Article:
The first column of Table I provides the yields from this case. Glycerol yield is substantial, approximating at least of the theoretical. However, the most significant illustration of the value of the invention is provided by the relatively large quantity of lower alcohols (33.6%) produced, although as previously indicated, the composition of the tallow fed would correspond to certainly less than 10% yield of such lower alcohols, and probably to as little as 5% yield of these lower alcohols. Further evidence that substantial hydrosplitting of the higher alcohols has been attained is apparent from the significant quantities of hydrocarbons yielded as products, and by the fact that these hydrocarbons have chain links varying from 1 (methane) to 6 (hexane). The undetermined material prob-ably consists of unconverted triglycerides, impurities, glycols, and lower alcohols. Total yields exceed because of the consumption of about 2% hydrogen with the feed.
Example 2 This example illustrates the use of the embodiment of this invention indicated in FIG. 2. In this case the catalyst is bauxite which had been previously used for decolorizing a special petroleum product, and which is ground to an average particle size of 200 mesh before use. Analysis of this material indicated 92% A1 0 4% Fe O and about 2% of non-volatile organic material (probably coke). After grinding, the contact agent is screened to 5% passing 270 mesh. The contact agent has a surface area of 55 square meters per gram.
The feed is tallow of virtually the same composition and properties used for Example 1. The net feed of hydrogen corresponded to about 2.8 pounds per hundred pounds of tallow fed. Velocities in the reactor are maintained to provide the state of random motion as indicated in Example 1. Expansion of the catalyst is 70% greater than the settled mass. Bulk phase catalyst density is 25 pounds per cubic foot. However, analysis of the stream at the top of the reactor indicated less than 0.08 pound of catalyst per cubic foot. The contact agent is continuously supplied to the reactor at a rate of 0.6 pound per hundred pounds of tallow fed. Reactor temperatures are 850 F. with a total pressure of 1000 p.s.i.g. to provide a hydrogen partial pressure of about 750 p.s.i. Space velocity is maintained to convert about 85% of the triglycerides in the feed single pass. Spent catalyst is withdrawn through line 86 at the same rate as fed, corresponding to 0.6 pound per hundred pounds of tallow; the catalyst is withdrawn as a slurry with about 1.8 pounds of unreacted triglycerides per hundred pounds fed. Table I again illustrates the results. High yields of glycerol are again obtained. The yield of the move valuable lower alcohols exceeds that obtained in Example 1 and collateral with higher yields of light hydrocarbons. The yield of undetermined by-products is very low, when it is considered that 1.8% of the 3.8% undetermined must be comprised by the unreacted triglycerides withdrawn through line 86 with the spent contact agent.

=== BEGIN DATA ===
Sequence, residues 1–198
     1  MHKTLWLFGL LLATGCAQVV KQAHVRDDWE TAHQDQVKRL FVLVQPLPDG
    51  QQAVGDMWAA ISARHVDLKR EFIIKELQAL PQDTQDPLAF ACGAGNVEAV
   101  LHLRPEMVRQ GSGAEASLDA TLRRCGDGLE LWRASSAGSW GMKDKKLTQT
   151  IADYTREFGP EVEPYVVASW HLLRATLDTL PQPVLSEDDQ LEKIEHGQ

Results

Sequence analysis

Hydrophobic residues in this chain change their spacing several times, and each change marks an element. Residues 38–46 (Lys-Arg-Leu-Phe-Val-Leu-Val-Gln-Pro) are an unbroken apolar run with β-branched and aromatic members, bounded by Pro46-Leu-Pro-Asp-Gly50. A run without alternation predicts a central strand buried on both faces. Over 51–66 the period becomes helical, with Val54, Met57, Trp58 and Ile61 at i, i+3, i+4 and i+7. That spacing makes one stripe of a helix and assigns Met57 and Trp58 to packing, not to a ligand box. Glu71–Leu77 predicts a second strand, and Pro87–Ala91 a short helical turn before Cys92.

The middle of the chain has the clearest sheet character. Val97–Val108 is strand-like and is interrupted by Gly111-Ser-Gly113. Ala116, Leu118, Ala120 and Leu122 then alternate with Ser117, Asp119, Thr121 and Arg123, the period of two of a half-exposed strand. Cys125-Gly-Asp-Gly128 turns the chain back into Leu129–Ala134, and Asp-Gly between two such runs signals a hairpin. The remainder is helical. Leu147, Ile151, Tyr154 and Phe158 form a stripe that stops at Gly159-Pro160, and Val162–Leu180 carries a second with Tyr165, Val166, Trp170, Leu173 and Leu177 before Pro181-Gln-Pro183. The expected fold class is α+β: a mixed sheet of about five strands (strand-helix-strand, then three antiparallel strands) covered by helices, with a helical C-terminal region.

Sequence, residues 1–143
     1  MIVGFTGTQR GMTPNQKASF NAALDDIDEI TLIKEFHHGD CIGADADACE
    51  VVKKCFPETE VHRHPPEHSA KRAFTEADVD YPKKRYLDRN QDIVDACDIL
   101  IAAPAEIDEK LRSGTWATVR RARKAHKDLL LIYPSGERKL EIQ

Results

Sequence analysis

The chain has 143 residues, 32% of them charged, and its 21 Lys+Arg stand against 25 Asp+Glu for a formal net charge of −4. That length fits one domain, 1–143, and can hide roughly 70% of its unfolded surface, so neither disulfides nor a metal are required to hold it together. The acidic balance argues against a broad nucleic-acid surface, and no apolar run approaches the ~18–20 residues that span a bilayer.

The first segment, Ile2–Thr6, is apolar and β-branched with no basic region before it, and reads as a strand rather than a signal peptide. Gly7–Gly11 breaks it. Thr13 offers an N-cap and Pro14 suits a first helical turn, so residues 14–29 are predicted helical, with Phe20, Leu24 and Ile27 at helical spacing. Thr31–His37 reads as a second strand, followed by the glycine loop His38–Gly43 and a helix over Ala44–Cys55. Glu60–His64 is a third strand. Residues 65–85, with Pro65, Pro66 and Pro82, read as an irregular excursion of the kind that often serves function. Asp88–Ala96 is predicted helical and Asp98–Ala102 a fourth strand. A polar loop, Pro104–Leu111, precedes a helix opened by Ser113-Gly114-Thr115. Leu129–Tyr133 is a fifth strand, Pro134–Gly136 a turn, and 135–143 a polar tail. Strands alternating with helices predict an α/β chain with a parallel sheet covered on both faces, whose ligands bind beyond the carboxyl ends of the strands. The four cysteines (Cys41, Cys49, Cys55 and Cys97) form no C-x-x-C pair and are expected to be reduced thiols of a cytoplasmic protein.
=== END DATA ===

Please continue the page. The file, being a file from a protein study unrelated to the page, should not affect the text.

Example 3 This example illustrates the use of the two stage embodiment of this invention, a schematic representation of which is provided in FIG. 3.
In this example, reactor 26 (the first stage reactor) is charged with a cracking catalyst essentially consisting of over 99% of SiO and A1 This contact agent has a surface area of over 425 square meters per gram and is in the shape of beads all of which pass a 40 mesh screen but are maintained on a 60 mesh screen. The second stage reactor is charged with ,5 extrudates of a catalyst containing 56% silica, 19% alumina, 6% nickel sulfide and 19% tungsten sulfide. This catalyst has an initial surface area of 275 square meters per gram. Internal recycle is provided in both reactors to maintain each of the catalysts in a state of random motion, expanded, in this case, over 35% of the respective settled volumes. The tallow feed is identical with that used in Example 1. The net hydrogen feed corresponds to 3.5 pounds per pound of tallow fed. The pressure in reactor 14 is 1800 p.s.i.g., whereas that in reactor 98 slightly exceeds 1700 p.s.i.g. Reactor 26 is maintained at a temperature of 705 F., whereas reactor 98 is maintained at 790 F.
Catalyst is continually replaced in both reactors; the replacement rate in reactor 26 is 0.04 pound per hundrecl pounds of feed, whereas that in reactor 98 is very low corresponding to about 0.005 pound per hundred pounds of fat fed. The bottoms material from fractionator 62 passing through line 66 into second stage reactor 98 corresponds to about 150 pounds per hundred pounds of tallow fed to reactor 26.